Posts Tagged ‘Old Stables New York City’

The many lives of two Chelsea carriage houses

April 3, 2017

Certain old buildings in New York are so enchanting, they hijack your imagination. Who lived in them, you wonder as you pass by, and what stories can they tell us about their neighborhood?

This is what happens to me whenever I walk by 461 and 463 West 18th Street, just off Tenth Avenue.

These twin carriage houses were built in the 1880s, when the area known today as West Chelsea was a working-class industrial district of low-rise flats and factories.

The earliest image I could find of the twin stables dates to 1932 (above). You can see them tucked behind a corner restaurant. Cyrus Rheims, the name on a building sign on Tenth Avenue, rented and sold draft horses. Maybe the stables were built for Rheims.

Or perhaps the stables housed the horses used by the West Side Cowboys. These were the men hired to ride in front of the street-level freight trains that roared up Tenth Avenue from the 1850s to the mid-1930s, warning pedestrians out of the way (not always successfully; hundreds were killed over the years).

By 1938, when Berenice Abbott took this photo of the carriage houses for her exhibit and subsequent book Changing New York, number 463 “was attached to a corner liquor store at 130 Tenth Avenue,” the book notes in an updated index.

With curtains in the windows of number 461, it was likely a residence—maybe the man and woman on the right made it their hideaway. “These businesses, and the junk shop at number 461, served the seamen and dockworkers of the still-active West Side waterfront.”

Here’s a 1941 photo of the corner, with the two carriage houses (now painted white, along with 130 Tenth Avenue) in the center. Deliverymen unload their trucks; a tire business has taken over three tenements.

The freight trains on Tenth Avenue are gone, replaced in 1934 by elevated trains running along the new High Line. The gleaming New York of modernity, symbolized by the Empire State Building, appears far away.

By the 1970s, with industry in decline and the Hudson River waterfront all but abandoned, Tenth Avenue and 18th Street was a desolate place, judging from this 1975 photo by Edmund V. Gillon.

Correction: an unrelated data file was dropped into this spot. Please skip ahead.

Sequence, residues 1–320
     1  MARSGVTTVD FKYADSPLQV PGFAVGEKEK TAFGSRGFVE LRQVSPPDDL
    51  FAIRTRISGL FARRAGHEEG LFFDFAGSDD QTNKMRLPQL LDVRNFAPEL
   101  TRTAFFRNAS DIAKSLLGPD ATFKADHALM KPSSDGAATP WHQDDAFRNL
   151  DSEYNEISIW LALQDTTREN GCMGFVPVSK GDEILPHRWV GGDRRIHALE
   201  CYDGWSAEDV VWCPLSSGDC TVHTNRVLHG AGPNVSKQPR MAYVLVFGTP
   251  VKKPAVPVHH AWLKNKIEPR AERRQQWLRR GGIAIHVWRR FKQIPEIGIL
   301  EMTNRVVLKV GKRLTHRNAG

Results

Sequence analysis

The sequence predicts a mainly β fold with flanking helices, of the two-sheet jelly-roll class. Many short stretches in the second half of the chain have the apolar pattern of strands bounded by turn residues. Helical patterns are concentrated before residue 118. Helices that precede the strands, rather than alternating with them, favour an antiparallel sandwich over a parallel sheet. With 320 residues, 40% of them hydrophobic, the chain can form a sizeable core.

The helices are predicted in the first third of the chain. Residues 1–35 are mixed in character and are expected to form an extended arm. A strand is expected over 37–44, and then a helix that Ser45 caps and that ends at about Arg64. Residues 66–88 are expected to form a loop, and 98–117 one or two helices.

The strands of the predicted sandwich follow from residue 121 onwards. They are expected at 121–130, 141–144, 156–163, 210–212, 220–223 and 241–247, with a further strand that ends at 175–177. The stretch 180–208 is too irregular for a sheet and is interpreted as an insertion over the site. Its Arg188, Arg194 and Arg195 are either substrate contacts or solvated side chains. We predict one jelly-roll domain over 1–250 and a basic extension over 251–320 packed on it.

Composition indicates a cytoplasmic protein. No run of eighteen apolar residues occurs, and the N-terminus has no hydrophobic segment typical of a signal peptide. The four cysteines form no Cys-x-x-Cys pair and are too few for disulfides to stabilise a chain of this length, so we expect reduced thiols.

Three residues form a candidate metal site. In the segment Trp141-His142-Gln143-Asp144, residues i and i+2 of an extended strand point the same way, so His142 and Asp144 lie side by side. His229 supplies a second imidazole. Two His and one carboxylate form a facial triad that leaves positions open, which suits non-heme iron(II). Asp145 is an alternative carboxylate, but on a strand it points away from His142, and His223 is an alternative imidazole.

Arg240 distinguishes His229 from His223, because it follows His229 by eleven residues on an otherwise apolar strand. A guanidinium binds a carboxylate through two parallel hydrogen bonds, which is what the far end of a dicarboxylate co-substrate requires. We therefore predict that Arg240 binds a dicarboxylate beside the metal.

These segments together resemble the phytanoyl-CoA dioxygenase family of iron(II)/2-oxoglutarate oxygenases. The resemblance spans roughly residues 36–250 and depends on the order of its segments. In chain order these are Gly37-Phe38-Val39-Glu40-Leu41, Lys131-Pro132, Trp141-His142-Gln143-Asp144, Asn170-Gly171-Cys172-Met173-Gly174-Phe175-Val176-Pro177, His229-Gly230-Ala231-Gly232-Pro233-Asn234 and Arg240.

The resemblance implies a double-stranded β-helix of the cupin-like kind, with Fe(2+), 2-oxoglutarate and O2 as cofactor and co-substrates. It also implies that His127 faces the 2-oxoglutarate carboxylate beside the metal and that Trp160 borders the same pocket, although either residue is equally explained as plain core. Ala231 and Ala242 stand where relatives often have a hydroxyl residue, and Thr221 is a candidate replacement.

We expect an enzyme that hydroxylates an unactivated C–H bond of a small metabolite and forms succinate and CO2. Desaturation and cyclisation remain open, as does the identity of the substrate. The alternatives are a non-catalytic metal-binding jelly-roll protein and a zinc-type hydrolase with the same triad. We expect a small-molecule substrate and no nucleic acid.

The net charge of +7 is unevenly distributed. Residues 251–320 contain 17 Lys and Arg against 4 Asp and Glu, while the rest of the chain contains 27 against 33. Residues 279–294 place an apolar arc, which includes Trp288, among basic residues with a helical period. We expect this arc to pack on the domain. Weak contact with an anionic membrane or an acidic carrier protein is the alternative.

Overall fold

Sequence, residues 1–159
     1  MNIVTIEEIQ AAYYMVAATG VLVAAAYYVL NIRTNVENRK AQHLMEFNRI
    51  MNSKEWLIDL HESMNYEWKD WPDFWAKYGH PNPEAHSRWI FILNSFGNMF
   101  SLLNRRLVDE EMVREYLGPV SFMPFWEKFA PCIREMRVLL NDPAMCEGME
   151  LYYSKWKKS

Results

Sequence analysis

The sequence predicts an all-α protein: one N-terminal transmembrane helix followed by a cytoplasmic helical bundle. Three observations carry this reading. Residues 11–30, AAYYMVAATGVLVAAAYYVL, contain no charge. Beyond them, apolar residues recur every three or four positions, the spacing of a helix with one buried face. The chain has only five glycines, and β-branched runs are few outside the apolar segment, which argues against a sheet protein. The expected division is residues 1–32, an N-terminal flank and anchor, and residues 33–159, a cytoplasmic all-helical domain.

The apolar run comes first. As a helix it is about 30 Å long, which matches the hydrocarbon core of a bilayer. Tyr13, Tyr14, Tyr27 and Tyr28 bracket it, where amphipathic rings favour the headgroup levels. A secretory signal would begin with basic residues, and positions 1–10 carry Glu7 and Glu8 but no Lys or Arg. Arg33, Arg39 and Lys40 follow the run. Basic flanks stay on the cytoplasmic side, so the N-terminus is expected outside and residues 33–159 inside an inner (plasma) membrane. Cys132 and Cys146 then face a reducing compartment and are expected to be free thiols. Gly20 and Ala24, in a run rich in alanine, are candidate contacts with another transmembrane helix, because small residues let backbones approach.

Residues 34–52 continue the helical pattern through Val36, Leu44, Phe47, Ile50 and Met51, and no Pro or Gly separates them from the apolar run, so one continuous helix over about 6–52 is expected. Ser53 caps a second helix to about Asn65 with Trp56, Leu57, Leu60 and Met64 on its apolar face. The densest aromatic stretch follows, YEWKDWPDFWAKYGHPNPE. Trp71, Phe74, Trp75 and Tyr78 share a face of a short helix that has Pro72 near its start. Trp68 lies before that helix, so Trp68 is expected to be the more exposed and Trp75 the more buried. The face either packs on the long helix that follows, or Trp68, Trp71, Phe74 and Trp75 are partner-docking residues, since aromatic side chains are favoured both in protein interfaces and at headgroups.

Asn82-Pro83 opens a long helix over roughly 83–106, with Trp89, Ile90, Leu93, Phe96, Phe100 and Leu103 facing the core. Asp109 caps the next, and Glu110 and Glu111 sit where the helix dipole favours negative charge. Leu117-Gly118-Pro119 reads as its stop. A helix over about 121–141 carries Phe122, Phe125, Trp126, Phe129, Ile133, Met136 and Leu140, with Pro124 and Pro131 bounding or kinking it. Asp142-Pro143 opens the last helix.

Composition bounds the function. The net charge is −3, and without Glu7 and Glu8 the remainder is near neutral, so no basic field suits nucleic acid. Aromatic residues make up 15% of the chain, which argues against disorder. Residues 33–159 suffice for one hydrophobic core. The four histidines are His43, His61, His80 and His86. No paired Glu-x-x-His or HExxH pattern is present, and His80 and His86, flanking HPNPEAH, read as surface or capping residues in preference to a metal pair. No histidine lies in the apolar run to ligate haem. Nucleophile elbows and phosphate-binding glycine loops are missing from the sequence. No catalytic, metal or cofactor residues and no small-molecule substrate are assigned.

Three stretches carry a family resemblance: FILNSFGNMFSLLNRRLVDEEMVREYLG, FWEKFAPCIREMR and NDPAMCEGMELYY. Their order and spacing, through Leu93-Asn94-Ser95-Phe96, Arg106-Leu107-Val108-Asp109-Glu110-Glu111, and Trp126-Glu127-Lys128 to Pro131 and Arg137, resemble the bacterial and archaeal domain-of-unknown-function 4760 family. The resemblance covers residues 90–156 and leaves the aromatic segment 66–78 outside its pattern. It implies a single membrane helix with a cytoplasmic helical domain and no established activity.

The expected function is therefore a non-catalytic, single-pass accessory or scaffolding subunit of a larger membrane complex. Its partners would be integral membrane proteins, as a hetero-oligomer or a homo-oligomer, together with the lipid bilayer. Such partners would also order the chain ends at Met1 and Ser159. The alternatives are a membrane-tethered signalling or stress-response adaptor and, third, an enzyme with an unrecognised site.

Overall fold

The shipping industry on the waterfront was gone, though the freight trains on the High Line were still running. Small businesses like Congo Tires, however, continued to hang on.

By 2000, twenty years after the High Line’s abandoned rail tracks were reclaimed by weeds, the carriage houses were looking better.

French restaurant La Lunchonette had opened on the corner in 1988, taking over the ground floor at number 463. But note the bars on the door of number 461—a holdover of a more crime-ridden West Chelsea.

Here we are in 2017, and the two carriage houses are prime real estate (take a peek inside the second-floor former hay loft at number 461, courtesy of these listing photos from 2012) in a revitalized, wealthier West Chelsea—thanks in part to the new High Line Park.

La Lunchonette is gone, though. This locals favorite was a casualty of a suddenly trendy neighborhood where landlords can command the kind of sky-high rents no one who lived on West 18th Street when a freight train belched up the avenue could have ever imagined.

[Second photo: NYPL; third photo: Berenice Abbott, Changing New York; fourth photo: NYPL; fifth photo: MCNY by Edmond Gillon; 2013.3.2.141; sixth photo:]

The brick and mortar ghosts all over Manhattan

January 16, 2017

The history of New York City is written on its walls—the walls of apartment houses and commercial buildings still standing, bearing the faded outline of those that met the bulldozer long ago.


These phantom buildings are on every block (above, Fourth Avenue and 1oth Street), especially in today’s city with its constant renovation and rebuilding—what Walt Whitman called “knock down and pull over again spirit.”


The roofs of these faded ghosts are often slanted and peaked—hints that a Federal-style house or stable once existed there. I’m guessing this outline on 11th Avenue in the west 20s, above, was a stable.


Many of the outlines resemble the shells of tenements. This phantom at Rector Street, above, is likely all that remains of an anonymous tenement where generations of New Yorkers lived and raised families.


The ghost building on Great Jones Street near Lafayette Street above, with what appears to be the outline of three chimneys, looks too short to be a tenement. Probably just a walk-up with a couple of flats per floor.


The painted-white outline here on Third Avenue in Gramercy could have been a single family home, similar to the one on the left side of the photo hidden behind scaffolding.


On West 57th Street a lonely tenement bears the remains of its neighbor, which had what looks like a central chimney or rooftop exit door.


Is this the ghost of another stable or carriage house? It’s on the far West Side around 42nd Street, where the city’s last remaining working stables are.